Noise dispute stops flow of booze at Slim's in San Francisco

A decades-old South of Market nightclub had its liquor license revoked by state officials last week because of noise — violations the owners say are the result of one neighbor complaining.

State Alcoholic Beverage Control officials handed a 10-day suspension to Slim’s on March 15 after inspectors outside heard sound coming from the club, according to a department spokeswoman. While The City’s Entertainment Commission normally regulates sound complaints, Slim’s original liquor license from 1988 has a condition that allows the ABC to revoke it if the club is too noisy.

A sign on the club’s front door blames the suspension on noise complaints from one neighbor, Jeanmarie Guenot. Guenot did not return calls for comment, and a publicist for Slim’s said the club would not comment further on the matter.

Dawn Holliday, a part owner of Slim’s, previously told SF Weekly the club has spent more than $250,000 in legal fees since 2007 when Guenot moved next door and began calling police about the noise.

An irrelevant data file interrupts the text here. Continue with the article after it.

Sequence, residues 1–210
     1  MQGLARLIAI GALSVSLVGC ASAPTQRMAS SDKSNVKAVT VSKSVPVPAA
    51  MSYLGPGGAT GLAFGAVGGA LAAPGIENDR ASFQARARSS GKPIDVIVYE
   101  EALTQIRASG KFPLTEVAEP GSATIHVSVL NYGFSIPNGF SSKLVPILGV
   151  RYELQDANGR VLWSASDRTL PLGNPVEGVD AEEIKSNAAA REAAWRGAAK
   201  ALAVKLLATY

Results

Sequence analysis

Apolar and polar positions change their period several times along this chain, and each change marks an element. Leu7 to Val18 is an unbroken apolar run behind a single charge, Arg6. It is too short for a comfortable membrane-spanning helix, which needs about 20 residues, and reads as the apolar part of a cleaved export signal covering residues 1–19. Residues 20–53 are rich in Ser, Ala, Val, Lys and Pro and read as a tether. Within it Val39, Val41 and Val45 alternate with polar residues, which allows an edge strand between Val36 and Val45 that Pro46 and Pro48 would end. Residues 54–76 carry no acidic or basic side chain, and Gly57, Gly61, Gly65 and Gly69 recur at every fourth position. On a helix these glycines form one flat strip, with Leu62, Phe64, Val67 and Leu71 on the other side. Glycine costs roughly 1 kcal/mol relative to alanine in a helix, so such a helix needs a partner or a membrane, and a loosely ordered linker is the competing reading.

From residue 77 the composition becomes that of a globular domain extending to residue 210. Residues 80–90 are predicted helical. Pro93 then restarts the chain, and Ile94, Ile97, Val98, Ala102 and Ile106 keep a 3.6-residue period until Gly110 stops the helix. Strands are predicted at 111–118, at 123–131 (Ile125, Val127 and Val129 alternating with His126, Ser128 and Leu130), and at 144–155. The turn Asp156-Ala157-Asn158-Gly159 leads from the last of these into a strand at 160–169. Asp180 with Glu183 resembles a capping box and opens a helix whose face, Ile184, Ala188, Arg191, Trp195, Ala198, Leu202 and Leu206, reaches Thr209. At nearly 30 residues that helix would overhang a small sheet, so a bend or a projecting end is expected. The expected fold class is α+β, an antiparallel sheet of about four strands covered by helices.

The tiff represents a conflict that has become more common in SoMa as residents of the fastest-growing neighborhood in The City mingle with the highest density of nightclubs in San Francisco, said Jim Meko, a member of the Entertainment Commission.

“It’s one particular neighbor who complains incessantly and an ABC regulation that is frankly unfair,” Meko said in regard to Slim’s. “Slim’s has always been one of the best-run clubs on the 11th Street corridor and, in general, has been a good neighbor.”

The club has remained open through the suspension, hosting alcohol-free shows, and it is expected to start serving drinks again Friday when the Irish group the Saw Doctors plays a show.

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